Rebuilding Place in the Urban Space

"A community’s physical form, rather than its land uses, is its most intrinsic and enduring characteristic." [Katz, EPA] This blog focuses on place and placemaking and all that makes it work--historic preservation, urban design, transportation, asset-based community development, arts & cultural development, commercial district revitalization, tourism & destination development, and quality of life advocacy--along with doses of civic engagement and good governance watchdogging.

Tuesday, February 19, 2013

Meeting Tomorrow: Draft Visitor & Commemoration Element (National Capital Planning Commission)

Tourists in Washington, Constantin Alajalov, Saturday Evening Post, 8/7/1948Visitors & Commemoration Element Public Forum
Wednesday, February 20, 2013
6:30 – 8:30 PM
National Capital Planning Commission
401 9th Street, NW, Suite 500, Washington, DC 20004

NCPC will host a public forum to present the draft polices for the updated Federal Visitors & Commemoration Element for the Federal Elements of the DC Comprehensive Plan. The policies are being revised to reflect greater emphasis on the federal government as a supporter of the visitor experience in the National Capital Region and on Washington, DC as a symbol to the nation. A new section includes policies that reflect NCPC’s recent research on commemoration, specifically work included in the Memorial Trends and Practice in Washington, DC report.

Visit the Federal Elements of the DC Comprehensive Plan webpage to connect to the subpage on the Visitors & Commemoration Element and the Comprehensive Plan more generally.

Tourists waiting for the Circulator
About the Element

The Element has four sections, on Transportation, focused on promoting sustainable transportation mode use by visitors; Visitor Information Services; Programming for Visitors; and Commemoration Policies, mostly related to the creation of new monuments.

All of the sections are decent, but general, and not very daring at pointing out gaps in the city in terms of the integration and comprehensiveness of visitor information and transportation services, such as the need for integrated transit wayfinding systems, and a coordinated system of visitor centers, or how given the increase in federal security and the difficulties posed in visiting federal buildings in the post 9/11 environment, maybe a coordinated event comparable to how Doors Open events work in the (Heritage Open Days in the United Kingdom) or Toronto, but for attractive and interesting federal buildings located in Washington.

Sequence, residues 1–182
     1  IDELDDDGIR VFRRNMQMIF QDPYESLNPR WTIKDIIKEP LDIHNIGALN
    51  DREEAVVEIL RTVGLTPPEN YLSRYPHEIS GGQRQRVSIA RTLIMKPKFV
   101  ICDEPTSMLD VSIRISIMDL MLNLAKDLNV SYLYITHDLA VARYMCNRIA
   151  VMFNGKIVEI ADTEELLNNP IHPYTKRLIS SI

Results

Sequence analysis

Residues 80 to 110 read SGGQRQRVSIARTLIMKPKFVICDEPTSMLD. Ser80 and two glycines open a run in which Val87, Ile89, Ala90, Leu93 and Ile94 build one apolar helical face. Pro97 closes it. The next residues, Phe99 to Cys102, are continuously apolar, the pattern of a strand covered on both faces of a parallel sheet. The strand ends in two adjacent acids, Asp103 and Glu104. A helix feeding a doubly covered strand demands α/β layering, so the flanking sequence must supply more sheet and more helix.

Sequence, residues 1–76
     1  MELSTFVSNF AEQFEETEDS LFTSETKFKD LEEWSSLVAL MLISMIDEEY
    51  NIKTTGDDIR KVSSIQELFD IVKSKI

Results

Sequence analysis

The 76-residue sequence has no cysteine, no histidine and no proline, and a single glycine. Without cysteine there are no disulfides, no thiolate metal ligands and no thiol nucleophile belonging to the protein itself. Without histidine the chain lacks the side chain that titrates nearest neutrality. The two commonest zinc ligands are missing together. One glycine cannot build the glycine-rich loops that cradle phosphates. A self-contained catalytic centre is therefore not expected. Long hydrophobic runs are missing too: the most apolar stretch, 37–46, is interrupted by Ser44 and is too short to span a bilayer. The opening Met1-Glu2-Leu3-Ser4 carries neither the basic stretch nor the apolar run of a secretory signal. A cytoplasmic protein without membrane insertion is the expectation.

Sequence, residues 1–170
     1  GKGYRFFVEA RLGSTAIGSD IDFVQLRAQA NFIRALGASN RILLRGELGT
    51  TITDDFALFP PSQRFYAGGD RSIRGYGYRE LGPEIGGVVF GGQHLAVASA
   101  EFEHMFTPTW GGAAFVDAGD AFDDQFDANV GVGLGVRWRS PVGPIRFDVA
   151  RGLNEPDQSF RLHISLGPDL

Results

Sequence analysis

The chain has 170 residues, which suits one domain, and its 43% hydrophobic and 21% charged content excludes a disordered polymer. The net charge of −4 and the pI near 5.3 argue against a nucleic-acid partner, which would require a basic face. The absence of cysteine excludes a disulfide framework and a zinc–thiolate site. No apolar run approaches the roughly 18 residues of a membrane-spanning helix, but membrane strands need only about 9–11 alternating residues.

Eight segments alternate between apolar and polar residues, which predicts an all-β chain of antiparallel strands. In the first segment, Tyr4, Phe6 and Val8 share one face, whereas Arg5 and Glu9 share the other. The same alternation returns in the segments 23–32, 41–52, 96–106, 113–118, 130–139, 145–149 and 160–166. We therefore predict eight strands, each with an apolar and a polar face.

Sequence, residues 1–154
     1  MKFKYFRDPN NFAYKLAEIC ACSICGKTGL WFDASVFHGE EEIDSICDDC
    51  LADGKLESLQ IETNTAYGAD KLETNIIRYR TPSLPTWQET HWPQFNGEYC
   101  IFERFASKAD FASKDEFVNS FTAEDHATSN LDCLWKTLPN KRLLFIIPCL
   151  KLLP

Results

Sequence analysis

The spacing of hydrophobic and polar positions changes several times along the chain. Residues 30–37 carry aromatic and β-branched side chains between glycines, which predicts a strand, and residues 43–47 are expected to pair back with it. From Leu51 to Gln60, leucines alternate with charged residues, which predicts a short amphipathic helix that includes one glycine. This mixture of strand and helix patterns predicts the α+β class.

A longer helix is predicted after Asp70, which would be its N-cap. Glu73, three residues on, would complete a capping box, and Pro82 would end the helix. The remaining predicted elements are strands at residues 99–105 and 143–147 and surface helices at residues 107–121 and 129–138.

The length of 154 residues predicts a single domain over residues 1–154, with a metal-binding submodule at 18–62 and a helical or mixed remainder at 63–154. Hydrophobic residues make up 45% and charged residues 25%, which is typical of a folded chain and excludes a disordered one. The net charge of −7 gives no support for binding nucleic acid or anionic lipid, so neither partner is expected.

Other comparable examples that could support the concept of Federal Doors Open include how Amtrak has held "National Train Day" for the last few years, National Public Lands Day, how the National Park Service has free entry on certain days of the year such as National Public Lands Day and the Martin Luther King Jr. Birthday holiday, and the Passport DC events at Embassies organized by CulturalTourismDC.

People looking at the new National Mall wayfinding signage at the Smithsonian Metro stationConsidering DC more broadly as a" heritage area"

The Element might have been more interesting too if it would have considered DC and visitor services more broadly by using the concept of heritage areas as an organizing framework.

There are a couple types, state designated programs (both Maryland and Pennsylvania are quite active in this area) and the federal program, usually involving an act of designation by Congress (I believe that NPS can also designate heritage areas without having to get Congress involved).

Whether or not the city should be designated a "heritage area," it would behoove the various stakeholders in the city to organize, manage, and act as if the city had such a designation.  The city is a "heritage area" in terms of how it is a key visitor destination because of the Federal presence, and people's desires to visit the US Capitol, White House, Washington Monument, Smithsonian Museums, Mount Vernon, Alexandria, and Georgetown, because of their association with the National narrative.

Baltimore started out as a state designated heritage area, and since has been designated a federal heritage area.

Heritage areas are organized using the concept of the cultural landscape, and have good management plans and capacity building programs to assist various cultural assets and programs.

Note that DC's local Comprehensive Plan does not have a Tourism Management and Development Element. (Although I have recommended this 2005 or so.)

Charleston, SC does have a Tourism Management Plan, which is more focused on transportation management aspects of moving tourists and managing the vehicles that carry them, around and through the Old Historic District.

The National Park Service started a Washington DC Visitor Transportation Study not quite 10 years ago, with the Environmental Assessment having been released in 2010.  This newsletter on the Visitor Transportation Study for the National Capital Region provides a good overview of the scope and purpose of the project.

An almost 8 year old blog entry, "Town-City branding or 'We are all destination managers now'" discusses visitor attraction and management in more detail.

-- National Heritage Areas program, National Park Service
-- Alliance of National Heritage Areas

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